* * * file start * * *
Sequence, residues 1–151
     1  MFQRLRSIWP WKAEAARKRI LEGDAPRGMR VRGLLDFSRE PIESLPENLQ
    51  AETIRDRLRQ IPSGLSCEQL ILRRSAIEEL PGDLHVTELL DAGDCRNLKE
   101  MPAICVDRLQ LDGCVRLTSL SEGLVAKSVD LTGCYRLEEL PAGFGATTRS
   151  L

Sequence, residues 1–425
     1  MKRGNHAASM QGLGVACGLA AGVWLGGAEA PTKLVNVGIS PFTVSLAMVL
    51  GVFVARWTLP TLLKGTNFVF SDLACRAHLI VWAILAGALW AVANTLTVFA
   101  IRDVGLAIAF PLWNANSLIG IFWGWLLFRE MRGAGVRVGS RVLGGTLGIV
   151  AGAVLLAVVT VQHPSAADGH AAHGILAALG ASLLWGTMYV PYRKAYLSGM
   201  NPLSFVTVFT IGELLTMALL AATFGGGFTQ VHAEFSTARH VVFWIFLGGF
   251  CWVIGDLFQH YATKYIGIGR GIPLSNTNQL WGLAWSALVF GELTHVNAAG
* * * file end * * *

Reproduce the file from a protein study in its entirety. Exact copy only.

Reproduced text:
Sequence, residues 1–151
     1  MFQRLRSIWP WKAEAARKRI LEGDAPRGMR VRGLLDFSRE PIESLPENLQ
    51  AETIRDRLRQ IPSGLSCEQL ILRRSAIEEL PGDLHVTELL DAGDCRNLKE
   101  MPAICVDRLQ LDGCVRLTSL SEGLVAKSVD LTGCYRLEEL PAGFGATTRS
   151  L

Sequence, residues 1–425
     1  MKRGNHAASM QGLGVACGLA AGVWLGGAEA PTKLVNVGIS PFTVSLAMVL
    51  GVFVARWTLP TLLKGTNFVF SDLACRAHLI VWAILAGALW AVANTLTVFA
   101  IRDVGLAIAF PLWNANSLIG IFWGWLLFRE MRGAGVRVGS RVLGGTLGIV
   151  AGAVLLAVVT VQHPSAADGH AAHGILAALG ASLLWGTMYV PYRKAYLSGM
   201  NPLSFVTVFT IGELLTMALL AATFGGGFTQ VHAEFSTARH VVFWIFLGGF
   251  CWVIGDLFQH YATKYIGIGR GIPLSNTNQL WGLAWSALVF GELTHVNAAG